While the age-old "breast vs. bottle" debate still rages, I can't think of anything that defines me more as a woman than breastfeeding my children. 

Timeline: A Brief History
1867: The first commercial infant formula, "Liebig's Soluble Food for Babies," was introduced by German chemist Justus von Liebig
1907: The "percentage method" of infant feeding was made popular, which involved mixing "cow's milk, water, cream, and sugar or honey" in an attempt to reproduce what physicians thought breastmilk was most like. Up until this time, sanitation problems had already led to the illness and even deaths of some babies because prepared food had been mixed with contaminated water, thus necessitating another shift in feeding trends.
1920s: Evaporated milk was more widely and cheaply available, and studies suggested it was healthier than breastfeeding - even though many formula- or milk-fed infants at the time exhibited signs of scurvy, rickets and bacterial infections. The studies, apparently, "were not supported by modern research."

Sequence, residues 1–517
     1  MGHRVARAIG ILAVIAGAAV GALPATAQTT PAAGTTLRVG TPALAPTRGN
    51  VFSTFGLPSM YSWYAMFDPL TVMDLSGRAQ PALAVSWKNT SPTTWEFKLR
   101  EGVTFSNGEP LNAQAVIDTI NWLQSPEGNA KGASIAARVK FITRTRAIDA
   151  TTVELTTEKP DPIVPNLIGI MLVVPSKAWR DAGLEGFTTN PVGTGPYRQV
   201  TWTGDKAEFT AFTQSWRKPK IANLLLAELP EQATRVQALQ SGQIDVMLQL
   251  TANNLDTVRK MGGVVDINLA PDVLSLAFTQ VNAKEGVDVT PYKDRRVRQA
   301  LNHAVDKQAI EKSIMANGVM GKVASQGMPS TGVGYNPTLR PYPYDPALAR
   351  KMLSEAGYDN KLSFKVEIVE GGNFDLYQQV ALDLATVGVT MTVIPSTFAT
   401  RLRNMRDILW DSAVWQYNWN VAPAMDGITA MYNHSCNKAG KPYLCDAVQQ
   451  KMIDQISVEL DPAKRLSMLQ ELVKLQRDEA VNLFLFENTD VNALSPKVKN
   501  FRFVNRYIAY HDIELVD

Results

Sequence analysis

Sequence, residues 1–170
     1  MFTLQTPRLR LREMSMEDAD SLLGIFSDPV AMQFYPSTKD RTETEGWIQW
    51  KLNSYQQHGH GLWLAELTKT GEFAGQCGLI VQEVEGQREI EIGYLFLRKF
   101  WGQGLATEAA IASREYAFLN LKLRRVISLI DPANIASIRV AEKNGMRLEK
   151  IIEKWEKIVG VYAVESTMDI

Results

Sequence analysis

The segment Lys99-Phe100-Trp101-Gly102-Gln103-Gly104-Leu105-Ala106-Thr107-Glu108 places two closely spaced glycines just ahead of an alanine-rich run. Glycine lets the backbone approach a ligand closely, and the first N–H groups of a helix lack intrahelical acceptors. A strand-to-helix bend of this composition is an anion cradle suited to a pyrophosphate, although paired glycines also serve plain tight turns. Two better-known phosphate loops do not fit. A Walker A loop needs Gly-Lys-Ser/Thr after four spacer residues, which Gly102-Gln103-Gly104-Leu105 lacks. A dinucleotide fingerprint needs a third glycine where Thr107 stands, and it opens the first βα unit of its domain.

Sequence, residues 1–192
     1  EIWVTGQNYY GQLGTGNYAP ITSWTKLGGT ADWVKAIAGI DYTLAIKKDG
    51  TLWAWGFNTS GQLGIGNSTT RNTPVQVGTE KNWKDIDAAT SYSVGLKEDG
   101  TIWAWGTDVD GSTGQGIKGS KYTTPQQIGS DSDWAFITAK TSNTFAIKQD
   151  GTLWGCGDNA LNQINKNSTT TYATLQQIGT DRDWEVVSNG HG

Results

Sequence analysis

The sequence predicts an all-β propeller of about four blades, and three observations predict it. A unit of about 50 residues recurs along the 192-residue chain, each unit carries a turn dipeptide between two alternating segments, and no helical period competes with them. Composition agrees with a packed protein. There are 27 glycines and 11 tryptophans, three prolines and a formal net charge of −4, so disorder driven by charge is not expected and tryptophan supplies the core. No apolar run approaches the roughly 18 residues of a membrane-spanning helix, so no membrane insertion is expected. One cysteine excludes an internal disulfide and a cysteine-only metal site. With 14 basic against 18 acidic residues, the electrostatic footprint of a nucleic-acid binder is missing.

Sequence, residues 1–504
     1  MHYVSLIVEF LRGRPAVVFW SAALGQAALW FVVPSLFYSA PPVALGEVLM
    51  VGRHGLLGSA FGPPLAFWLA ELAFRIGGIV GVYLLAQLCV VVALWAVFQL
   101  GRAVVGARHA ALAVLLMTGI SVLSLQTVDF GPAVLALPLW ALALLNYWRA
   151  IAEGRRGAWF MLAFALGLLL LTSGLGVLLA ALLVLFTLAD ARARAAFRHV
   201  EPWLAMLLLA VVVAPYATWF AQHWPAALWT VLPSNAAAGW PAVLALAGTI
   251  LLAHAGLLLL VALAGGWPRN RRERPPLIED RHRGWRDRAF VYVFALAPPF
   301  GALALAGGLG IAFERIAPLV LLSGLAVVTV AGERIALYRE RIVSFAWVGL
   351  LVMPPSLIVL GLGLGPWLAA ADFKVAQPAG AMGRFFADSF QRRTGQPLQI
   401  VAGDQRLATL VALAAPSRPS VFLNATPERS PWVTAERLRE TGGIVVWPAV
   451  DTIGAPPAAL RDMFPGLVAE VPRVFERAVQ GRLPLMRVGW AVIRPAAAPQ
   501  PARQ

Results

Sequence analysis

Late 1920s: Similac, named for "similar to lactation," was introduced. Mead Johnson invented and marketed Sobee.
1950: Over half of all babies were fed infant formula.
1956: The La Leche League is formed.
1959: Enfamil was invented by Mead Johnson, combined with "marketing campaigns that provided inexpensive formula to hospitals and pediatricians."
1970s: Over 75% of America's babies are fed infant formula.